carboxymethylstyrene;

carboxym

alkyletherstyrene;

alkylsilylstyrene;

vinylbenzenesulfonic acid esters; and

vinylbenzyldialkoxy phosphide.

The crystalline styrene or styrene derivative polymers having primarily syndiotactic structures obtained by the process of the present invention are characterized by the following properties, determined by the methods indicated below:

a) Residue to the extraction with methylethyl ketone (MEK), carried out in a Kumagawa extractor for 24 hours.

b) Weight average molecular weight, (Mw), determined by gel permeation chromatography (G.P.C.) carried out with a Waters apparatus 150 ALC-GPC in ortho-dichlorobenzene (ODCB) at 135 C. Instrument calibration is obtained by using standard samples of atactic polystyrene of known molecular weight (Waters Associates, Inc.).

c) Melting point (M.P.), determined by means of a differential calorimeter, Perkins-Elmer Model DSC 7, as the temperature corresponding to the maximum of the endothermal peak, at a scanning rate of 40 C./min.

d) Intrinsic viscosity determined in tetrahydronaphthalene at 135 C.

e) Crystallinity of the polymer residue to MEK, determined after melting and solidification by means of x-ray diffraction, with the powder method, by verifying the presence of sharp reflexes typical of the crystalline substances in the diffraction pattern. The values of the interplanar distances corresponding to said reflexes are determined with a spread of q 0.1 Angstrom.

f) Syndiotacticity of the polymers, determined by 1 H-NMR or 13 CNMR analysis, carried out by means of a BRUKER AM-300 instrument, in orthodichlorobenzene at 125 C., employing a check standard of hexamethyl-disiloxane.

PREFERRED EMBODIMENTS OF THE INVENTION

The following examples are given as illustrations of the present invention, without, however, limiting the same.

EXAMPLE 1

Methylaluminoxane was prepared as follows:

Into a three-neck flask having an internal volume of 500 ml, equipped with a dropping funnel, a cock and a magnetic stirrer, were placed 37.1 g of Al2 (SO4)3.18H2 O and 250 ml of toluene in a nitrogen atmosphere.

50 ml of Al(CH3)3 were placed in the dropping funnel and were added with stirring in 30 minutes. The mixture was reacted at 60 C. for 3 hours. The aluminum sulfate was filtered off from the suspension and the solvent was removed. 15.5 g of a solid white product were obtained.

Into a glass reactor having an internal volume of 100 ml and equipped with a stirrer there were placed, in an inert atmosphere and at 20 C.:

150 mg of the methylaluminoxane

10 ml of toluene

5 mg of Zr(CH2 -C6 H5)4

After 5 minutes, 30 ml of styrene poured on an alumina column and distilled on LiAlH4 were added. In 30 minutes the temperature was brought to 50 C., and polymerization was conducted for 4 hours. The polymer was thereafter coagulated with methanol acidified with hydrochloric acid and repeatedly washed with methanol. After drying there was obtained a polymer exhibiting a residue to MEK, and a weight average molecular weight and melting point, which are shown in the Table following the several examples.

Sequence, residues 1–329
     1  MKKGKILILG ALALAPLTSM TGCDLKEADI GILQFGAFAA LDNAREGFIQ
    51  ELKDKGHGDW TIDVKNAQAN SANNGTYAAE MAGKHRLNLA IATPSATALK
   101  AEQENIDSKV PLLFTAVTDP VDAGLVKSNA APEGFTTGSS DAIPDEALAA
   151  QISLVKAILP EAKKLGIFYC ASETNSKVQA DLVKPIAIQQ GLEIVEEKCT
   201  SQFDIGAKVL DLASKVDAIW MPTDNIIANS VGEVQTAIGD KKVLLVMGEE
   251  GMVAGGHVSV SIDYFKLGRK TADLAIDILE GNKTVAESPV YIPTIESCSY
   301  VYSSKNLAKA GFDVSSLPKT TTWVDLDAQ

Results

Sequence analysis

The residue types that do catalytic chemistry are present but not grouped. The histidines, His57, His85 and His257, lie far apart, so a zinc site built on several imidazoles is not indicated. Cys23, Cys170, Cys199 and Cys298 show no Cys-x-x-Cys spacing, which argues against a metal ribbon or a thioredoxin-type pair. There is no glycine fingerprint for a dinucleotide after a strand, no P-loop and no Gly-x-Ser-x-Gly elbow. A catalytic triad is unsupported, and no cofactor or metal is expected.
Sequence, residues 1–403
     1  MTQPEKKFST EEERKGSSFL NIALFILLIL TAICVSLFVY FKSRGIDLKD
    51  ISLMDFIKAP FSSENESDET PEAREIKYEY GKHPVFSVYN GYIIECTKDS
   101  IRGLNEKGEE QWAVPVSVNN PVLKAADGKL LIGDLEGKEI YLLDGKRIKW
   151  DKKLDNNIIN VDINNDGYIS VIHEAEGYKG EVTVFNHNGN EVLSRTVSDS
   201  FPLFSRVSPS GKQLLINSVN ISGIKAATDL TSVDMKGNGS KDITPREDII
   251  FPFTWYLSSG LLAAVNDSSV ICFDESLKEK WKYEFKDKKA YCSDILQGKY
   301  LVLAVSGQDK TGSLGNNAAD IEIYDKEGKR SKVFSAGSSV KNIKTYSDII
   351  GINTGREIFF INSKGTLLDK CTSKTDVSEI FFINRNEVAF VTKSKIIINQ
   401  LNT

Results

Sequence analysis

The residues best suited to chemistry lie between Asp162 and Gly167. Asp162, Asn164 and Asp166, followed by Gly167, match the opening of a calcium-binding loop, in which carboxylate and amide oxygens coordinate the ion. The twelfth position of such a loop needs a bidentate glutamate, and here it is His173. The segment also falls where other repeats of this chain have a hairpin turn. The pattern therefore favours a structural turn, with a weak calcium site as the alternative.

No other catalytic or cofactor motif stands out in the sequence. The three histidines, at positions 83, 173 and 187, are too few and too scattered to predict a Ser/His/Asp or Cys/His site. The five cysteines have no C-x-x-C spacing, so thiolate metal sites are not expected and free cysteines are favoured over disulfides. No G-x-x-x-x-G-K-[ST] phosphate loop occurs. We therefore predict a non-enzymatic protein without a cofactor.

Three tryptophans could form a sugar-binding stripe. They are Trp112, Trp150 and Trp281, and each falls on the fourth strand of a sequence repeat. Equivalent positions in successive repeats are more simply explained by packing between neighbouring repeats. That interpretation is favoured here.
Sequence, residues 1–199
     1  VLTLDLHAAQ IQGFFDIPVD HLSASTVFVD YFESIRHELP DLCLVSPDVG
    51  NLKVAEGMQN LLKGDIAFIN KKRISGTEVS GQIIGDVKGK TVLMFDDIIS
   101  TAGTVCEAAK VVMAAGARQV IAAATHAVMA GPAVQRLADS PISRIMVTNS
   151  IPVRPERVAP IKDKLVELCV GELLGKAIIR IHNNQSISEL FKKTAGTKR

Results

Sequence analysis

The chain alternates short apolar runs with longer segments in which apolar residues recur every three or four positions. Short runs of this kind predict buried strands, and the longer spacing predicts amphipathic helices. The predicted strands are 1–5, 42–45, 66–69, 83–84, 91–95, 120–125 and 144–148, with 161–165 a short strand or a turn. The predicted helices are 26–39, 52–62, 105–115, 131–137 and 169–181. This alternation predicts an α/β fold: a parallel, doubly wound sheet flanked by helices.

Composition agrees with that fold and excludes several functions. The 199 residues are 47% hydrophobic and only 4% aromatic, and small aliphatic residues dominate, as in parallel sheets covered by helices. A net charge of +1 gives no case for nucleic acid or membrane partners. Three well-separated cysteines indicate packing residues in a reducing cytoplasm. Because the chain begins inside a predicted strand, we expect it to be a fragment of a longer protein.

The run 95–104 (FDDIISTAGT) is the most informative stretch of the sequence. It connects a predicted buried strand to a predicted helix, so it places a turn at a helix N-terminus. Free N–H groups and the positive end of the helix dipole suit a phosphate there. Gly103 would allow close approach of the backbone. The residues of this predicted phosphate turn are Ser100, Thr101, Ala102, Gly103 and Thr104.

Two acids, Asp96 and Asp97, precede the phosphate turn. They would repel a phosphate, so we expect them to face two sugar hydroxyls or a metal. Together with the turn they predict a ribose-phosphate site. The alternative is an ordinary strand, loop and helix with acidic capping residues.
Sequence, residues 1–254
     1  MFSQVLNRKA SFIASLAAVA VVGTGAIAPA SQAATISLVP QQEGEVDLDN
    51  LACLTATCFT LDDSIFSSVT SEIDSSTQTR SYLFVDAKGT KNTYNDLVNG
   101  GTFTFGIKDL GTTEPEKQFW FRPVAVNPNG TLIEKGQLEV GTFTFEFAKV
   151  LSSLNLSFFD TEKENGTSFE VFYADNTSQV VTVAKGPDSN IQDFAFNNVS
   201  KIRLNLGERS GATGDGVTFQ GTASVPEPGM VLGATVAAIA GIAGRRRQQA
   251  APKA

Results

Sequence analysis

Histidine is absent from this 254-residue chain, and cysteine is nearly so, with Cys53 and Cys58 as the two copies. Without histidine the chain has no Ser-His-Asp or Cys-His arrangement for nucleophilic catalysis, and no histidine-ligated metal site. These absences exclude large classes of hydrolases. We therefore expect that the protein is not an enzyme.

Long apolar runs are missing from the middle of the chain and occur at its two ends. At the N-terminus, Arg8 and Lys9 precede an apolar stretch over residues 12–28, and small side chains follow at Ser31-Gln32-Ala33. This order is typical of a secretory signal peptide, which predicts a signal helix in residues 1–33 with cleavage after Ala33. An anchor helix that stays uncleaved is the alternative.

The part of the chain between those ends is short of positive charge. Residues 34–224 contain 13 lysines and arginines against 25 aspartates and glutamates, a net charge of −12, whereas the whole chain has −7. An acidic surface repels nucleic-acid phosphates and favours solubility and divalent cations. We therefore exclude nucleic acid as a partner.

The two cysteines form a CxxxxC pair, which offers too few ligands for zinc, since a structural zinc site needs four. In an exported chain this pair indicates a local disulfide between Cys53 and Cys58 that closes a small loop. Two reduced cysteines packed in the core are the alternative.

On x-ray analysis, the residue to the extraction with MEK exhibited, after melting and solidification, reflexes of higher intensity corresponding to interplanar distances of 13.1, 6.46, 4.37 and 2.58 Angstroms.

The 1 H-NMR pattern of the polymer shows chemical shifts of the methine and methylene protons, characteristic of syndiotactic structure.

EXAMPLE 2

Example 1 was repeated, using:

140 mg of methylaluminoxane (prepared as described above);

10 ml of toluene;

11 mg of ClZr(OC3 H7)3

The amount of polymer obtained, the residue to MEK extraction, the weight average molecular weight and the melting point are reported in the Table. The x-ray diffraction pattern and the 1 H-NMR pattern were similar to those of the polymer of Example 1.

EXAMPLE 3

Example 1 was repeated using:

230 mg of methylaluminoxane;

10 ml of toluene;

9 mg of VOAC [AC=Acetylacetonate].

The amount of polymer obtained, the residue to MEK extraction, the weight average molecular weight and the melting point are reported in the Table. The x-ray diffraction pattern and the 1 H-NMR pattern were similar to those of the polymer of Example 1.

EXAMPLE 4

Example 1 was repeated using:

200 mg of methylaluminoxane;

10 ml of toluene;

10 mg of ZrCl(OC4 H9)3.

The amount of polymer obtained, the residue to MEK extraction, the weight average molecular weight and the melting point are reported in the Table. The x-ray diffraction pattern and the 1 H-NMR pattern were similar to those of the polymer of Example 1.